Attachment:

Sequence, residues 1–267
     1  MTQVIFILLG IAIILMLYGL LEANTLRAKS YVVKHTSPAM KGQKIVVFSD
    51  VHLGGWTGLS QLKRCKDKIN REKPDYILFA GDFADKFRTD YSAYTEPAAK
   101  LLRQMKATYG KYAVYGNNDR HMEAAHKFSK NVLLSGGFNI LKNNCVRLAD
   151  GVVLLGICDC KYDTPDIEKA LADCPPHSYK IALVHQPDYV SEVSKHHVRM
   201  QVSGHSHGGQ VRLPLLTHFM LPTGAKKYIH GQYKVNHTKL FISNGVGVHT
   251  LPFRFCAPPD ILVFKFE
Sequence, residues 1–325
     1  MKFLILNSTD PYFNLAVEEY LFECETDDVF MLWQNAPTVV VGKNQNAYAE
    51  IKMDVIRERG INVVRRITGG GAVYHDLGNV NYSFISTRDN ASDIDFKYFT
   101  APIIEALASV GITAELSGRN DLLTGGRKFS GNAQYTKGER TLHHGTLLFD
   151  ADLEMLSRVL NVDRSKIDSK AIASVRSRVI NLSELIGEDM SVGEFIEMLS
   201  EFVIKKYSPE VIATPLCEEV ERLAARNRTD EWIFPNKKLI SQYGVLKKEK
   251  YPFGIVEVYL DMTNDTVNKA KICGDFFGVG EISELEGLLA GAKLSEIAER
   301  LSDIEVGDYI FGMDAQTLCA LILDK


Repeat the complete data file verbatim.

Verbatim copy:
Sequence, residues 1–267
     1  MTQVIFILLG IAIILMLYGL LEANTLRAKS YVVKHTSPAM KGQKIVVFSD
    51  VHLGGWTGLS QLKRCKDKIN REKPDYILFA GDFADKFRTD YSAYTEPAAK
   101  LLRQMKATYG KYAVYGNNDR HMEAAHKFSK NVLLSGGFNI LKNNCVRLAD
   151  GVVLLGICDC KYDTPDIEKA LADCPPHSYK IALVHQPDYV SEVSKHHVRM
   201  QVSGHSHGGQ VRLPLLTHFM LPTGAKKYIH GQYKVNHTKL FISNGVGVHT
   251  LPFRFCAPPD ILVFKFE
Sequence, residues 1–325
     1  MKFLILNSTD PYFNLAVEEY LFECETDDVF MLWQNAPTVV VGKNQNAYAE
    51  IKMDVIRERG INVVRRITGG GAVYHDLGNV NYSFISTRDN ASDIDFKYFT
   101  APIIEALASV GITAELSGRN DLLTGGRKFS GNAQYTKGER TLHHGTLLFD
   151  ADLEMLSRVL NVDRSKIDSK AIASVRSRVI NLSELIGEDM SVGEFIEMLS
   201  EFVIKKYSPE VIATPLCEEV ERLAARNRTD EWIFPNKKLI SQYGVLKKEK
   251  YPFGIVEVYL DMTNDTVNKA KICGDFFGVG EISELEGLLA GAKLSEIAER
   301  LSDIEVGDYI FGMDAQTLCA LILDK